A Good Home

The Ten Commandments: Marriage

And now for a completely different kind of blog post!

Maybe it’s COVID, maybe it’s just the time we live in, but several of my acquaintances have ended their marriages recently. It makes me appreciate my own marriage even more.

It also got me thinking about the marriage relationship – traditional or otherwise.

Marriage can be a crucible. What other relationship calls for us to share the same bedroom, bank accounts, property and our very lives “till death do us part”?

Along the way, we can learn lessons about nurturing an important relationship. Here are my top ten. Feel welcome to add!

1: Empathize: Love is a great foundation, but respect and understanding of the other person can help you go the distance. Try to place yourself in your partner’s shoes when things get tough.

2: You don’t have to win every argument. Sometimes, it’s more important to listen and say “I hear you” while giving yourself time to think about the other person’s point/anger. If you feel yourself getting furious, it may be time to step away. Leave the room.

3: You should be honest about everything – except whether s/he’s looking too fat!

4: Appreciate the other person’s strengths while graciously shoring up his/her weaknesses. Never humiliate your partner over his weaknesses. We do not come to a marriage fully formed – and no-one is perfect.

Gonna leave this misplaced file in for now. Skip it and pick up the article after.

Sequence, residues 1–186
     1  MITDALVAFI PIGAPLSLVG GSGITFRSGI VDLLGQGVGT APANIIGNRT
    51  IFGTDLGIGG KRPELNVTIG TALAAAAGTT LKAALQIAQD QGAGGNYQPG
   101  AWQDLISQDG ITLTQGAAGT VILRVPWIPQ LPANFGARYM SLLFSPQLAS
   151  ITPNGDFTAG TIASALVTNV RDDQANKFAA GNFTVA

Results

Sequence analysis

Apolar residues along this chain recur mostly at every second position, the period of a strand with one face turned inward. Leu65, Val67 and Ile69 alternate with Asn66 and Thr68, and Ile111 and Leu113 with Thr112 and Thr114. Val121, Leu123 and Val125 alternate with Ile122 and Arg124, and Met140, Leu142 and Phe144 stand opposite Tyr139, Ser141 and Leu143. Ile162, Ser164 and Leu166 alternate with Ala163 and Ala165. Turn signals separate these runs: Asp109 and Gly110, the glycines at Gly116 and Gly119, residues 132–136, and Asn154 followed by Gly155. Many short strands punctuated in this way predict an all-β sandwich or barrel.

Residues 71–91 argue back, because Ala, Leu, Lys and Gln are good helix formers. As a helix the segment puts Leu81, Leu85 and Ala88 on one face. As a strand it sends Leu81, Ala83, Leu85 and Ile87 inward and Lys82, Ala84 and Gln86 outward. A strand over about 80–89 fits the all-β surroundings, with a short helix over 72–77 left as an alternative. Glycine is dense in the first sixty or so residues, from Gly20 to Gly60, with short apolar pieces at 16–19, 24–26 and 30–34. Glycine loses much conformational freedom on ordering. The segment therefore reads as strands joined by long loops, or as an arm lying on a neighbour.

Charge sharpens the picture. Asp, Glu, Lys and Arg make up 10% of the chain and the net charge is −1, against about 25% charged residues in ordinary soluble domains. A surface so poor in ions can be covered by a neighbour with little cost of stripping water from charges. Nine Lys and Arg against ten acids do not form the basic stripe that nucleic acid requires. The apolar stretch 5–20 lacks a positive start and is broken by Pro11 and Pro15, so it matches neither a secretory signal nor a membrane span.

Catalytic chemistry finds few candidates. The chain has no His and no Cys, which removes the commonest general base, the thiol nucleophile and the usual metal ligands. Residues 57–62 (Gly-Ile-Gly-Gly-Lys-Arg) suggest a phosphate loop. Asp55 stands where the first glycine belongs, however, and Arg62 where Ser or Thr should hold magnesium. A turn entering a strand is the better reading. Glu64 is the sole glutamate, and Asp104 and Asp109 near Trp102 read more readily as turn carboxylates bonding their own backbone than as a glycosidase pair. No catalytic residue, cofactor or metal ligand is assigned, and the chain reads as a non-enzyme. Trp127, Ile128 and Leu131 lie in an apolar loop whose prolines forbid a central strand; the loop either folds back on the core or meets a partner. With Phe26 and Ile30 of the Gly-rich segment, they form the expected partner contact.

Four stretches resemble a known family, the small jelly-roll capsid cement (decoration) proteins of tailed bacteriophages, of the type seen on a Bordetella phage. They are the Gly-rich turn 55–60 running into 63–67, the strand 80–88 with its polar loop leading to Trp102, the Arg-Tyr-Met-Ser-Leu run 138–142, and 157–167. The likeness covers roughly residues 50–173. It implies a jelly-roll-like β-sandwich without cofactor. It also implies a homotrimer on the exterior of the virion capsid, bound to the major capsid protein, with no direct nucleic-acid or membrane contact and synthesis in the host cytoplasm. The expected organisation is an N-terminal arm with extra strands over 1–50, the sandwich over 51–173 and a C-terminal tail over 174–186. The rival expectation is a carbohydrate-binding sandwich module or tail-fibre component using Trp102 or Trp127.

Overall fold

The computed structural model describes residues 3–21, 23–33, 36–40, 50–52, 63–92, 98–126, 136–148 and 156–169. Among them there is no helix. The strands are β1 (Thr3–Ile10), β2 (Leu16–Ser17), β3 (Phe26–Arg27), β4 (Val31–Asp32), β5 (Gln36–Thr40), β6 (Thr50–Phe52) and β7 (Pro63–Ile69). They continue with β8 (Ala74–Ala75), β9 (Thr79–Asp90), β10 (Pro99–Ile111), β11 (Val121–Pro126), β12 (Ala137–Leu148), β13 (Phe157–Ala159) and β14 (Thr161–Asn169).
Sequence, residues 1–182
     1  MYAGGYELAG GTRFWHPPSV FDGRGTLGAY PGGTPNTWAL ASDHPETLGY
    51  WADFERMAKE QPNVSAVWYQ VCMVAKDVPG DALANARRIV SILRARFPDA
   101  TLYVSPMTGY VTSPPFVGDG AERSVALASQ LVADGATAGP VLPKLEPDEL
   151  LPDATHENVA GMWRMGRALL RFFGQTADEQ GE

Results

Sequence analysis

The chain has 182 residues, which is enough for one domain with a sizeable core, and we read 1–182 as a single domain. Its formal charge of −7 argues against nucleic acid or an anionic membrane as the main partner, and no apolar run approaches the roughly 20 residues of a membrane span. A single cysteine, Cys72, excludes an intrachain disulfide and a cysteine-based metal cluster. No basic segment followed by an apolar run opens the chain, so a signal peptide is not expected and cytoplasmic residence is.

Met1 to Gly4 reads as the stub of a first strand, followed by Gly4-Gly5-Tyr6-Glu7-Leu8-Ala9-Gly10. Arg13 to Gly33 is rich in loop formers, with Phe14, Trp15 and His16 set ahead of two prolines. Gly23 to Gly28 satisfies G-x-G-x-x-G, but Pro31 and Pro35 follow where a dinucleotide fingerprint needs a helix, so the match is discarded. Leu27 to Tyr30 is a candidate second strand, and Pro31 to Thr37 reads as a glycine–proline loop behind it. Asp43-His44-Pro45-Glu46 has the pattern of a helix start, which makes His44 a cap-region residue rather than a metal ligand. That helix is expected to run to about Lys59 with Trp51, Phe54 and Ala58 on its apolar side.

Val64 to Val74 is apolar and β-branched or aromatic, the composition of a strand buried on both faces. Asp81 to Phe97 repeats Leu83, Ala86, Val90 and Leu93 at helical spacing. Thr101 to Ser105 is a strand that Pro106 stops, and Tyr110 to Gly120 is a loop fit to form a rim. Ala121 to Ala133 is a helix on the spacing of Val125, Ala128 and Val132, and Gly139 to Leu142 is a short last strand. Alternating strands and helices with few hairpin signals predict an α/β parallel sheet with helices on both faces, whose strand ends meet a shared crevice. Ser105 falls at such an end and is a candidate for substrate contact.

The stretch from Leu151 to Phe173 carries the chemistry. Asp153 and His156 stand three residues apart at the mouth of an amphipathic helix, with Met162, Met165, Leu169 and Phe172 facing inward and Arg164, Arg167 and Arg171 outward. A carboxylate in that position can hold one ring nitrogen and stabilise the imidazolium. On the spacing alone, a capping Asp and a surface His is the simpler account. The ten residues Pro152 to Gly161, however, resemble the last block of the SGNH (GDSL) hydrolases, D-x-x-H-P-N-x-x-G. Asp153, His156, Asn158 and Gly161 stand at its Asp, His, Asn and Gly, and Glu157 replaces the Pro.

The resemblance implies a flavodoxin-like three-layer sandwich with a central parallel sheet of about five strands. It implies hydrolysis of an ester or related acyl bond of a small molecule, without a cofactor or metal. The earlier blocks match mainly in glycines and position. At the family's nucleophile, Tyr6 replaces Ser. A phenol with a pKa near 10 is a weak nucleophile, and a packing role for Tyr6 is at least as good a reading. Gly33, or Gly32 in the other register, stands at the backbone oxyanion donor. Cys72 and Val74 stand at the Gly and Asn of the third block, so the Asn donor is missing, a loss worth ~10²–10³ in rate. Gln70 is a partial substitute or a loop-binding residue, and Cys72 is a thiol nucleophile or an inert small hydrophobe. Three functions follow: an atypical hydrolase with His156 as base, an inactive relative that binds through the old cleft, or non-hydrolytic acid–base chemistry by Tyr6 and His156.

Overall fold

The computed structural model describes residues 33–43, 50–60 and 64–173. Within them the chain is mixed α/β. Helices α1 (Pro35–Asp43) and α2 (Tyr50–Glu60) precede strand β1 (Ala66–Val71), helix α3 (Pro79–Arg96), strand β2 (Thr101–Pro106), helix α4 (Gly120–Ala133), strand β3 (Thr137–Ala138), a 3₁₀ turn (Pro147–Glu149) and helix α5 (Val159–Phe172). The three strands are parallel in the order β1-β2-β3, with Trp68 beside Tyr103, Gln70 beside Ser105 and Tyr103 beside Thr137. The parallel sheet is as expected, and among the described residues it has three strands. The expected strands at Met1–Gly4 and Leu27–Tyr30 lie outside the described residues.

5: Affection and praise should outweigh criticism. You may sometimes have to remind yourself of all the things you loved about her in the first place, and the good things your partner has done. Three of my acquaintances who recently separated/divorced said their spouses criticised a lot and gave little affection. “There was no love”, said one. Another said: “It became a toxic relationship.”

6: Marriage is a cross-cultural endeavour. Understand that you are marrying a partner, but he has a family with its own culture – that intangible thing that goes far beyond visible traditions like the food they cook. What lies below the waterline includes accepted gender roles, the family’s history, the birth-rank of each child, the roles each person performs in that family and how valued each person feels.

7: You may have to find a way to show respect to your spouse’s family members even if he’s told you all the ways in which they hurt him earlier in life. This is a tough one. You don’t have to love them, but if he’s forgiven them, or found a way to work around those hurts, you can’t be the one left holding a grudge.